Step One: Link the Hue Bridge

Launch the iConnectHue app and it will immediately start searching your home network for your Hue Bridge. When prompted, press the physical button in the center of the hub, then select “OK, I’m done” when you’ve done so.

You’ll be prompted to take a tour of the apps features—given that the features are numerous and you want to get your five bucks worth, we recommend checking it out. After the tour, you’ll see the main control screen as pictured below.

It’s important to note that while the general user interface will look the same for everyone, the actual content of the control panel is dependent on your Hue light system. In our case, we’re running a simple three-bulb system where all three bulbs are located in the same room controlled by a Hue Dimmer Switch.

Although they are grouped correctly with the Dimmer Switch, “Dimmer 2” isn’t a terribly intuitive group name so we’ll change that immediately. You can rename any group by pressing and holding on its name.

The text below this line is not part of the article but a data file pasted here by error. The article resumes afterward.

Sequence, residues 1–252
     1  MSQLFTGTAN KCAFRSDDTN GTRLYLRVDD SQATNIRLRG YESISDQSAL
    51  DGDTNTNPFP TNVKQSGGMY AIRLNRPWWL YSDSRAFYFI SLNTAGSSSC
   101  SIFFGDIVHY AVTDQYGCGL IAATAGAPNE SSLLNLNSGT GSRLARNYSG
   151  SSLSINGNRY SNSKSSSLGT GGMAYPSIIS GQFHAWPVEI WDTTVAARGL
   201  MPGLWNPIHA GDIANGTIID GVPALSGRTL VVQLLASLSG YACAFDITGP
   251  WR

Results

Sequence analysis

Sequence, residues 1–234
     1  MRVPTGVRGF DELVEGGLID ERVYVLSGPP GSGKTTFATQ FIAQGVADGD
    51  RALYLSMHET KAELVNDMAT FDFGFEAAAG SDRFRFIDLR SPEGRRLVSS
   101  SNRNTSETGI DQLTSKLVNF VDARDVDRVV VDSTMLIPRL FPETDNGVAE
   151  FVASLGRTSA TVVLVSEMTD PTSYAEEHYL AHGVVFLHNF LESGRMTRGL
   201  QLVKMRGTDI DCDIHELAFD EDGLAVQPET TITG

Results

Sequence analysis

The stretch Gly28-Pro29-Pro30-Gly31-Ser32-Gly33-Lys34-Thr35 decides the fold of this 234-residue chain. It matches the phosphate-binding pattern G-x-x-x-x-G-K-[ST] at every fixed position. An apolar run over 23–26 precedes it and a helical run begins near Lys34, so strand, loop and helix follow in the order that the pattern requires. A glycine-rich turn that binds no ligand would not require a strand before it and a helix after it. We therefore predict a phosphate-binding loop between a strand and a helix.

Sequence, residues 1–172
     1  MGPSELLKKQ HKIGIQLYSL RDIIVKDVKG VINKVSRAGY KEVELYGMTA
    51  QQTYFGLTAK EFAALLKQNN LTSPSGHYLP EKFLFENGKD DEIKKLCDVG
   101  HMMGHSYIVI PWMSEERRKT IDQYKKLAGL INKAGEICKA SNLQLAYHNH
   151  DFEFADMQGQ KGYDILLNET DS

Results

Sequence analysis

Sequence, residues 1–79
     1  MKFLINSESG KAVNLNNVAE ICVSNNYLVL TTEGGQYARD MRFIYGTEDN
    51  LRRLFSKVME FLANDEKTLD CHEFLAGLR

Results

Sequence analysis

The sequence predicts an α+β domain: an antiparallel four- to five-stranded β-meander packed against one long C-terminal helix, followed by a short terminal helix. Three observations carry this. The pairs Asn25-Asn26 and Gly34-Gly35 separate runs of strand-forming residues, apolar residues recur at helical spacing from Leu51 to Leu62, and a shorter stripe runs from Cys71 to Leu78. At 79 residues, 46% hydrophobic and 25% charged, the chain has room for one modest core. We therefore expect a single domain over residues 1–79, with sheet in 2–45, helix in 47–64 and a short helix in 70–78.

Step Two: Manually Import Your Scenes

The next order of business is getting your scenes from the native Hue app into the iConnectHue app. While it sure would be nice if we could just click a button and import them all, the manual import process is actually pretty painless.

RELATED: How to Use Siri to Control Your Philips Hue Lights

You don’t need to recreate all your lighting scenes from scratch—you simply need to trigger them with the Hue app so the lights are on and in the correct brightness/color state, and then give that current configuration a name in iConnectHue.

For example, to copy our existing “Movie” scene we use for watching movies (wherein all the bedroom lights are off except for the bias light behind the TV), we would first open up the Hue app and trigger that scene. Confirm that the lights are in the state they should be in (as iConnectHue will simply copy whatever the Hue bridge reports is the current lighting state).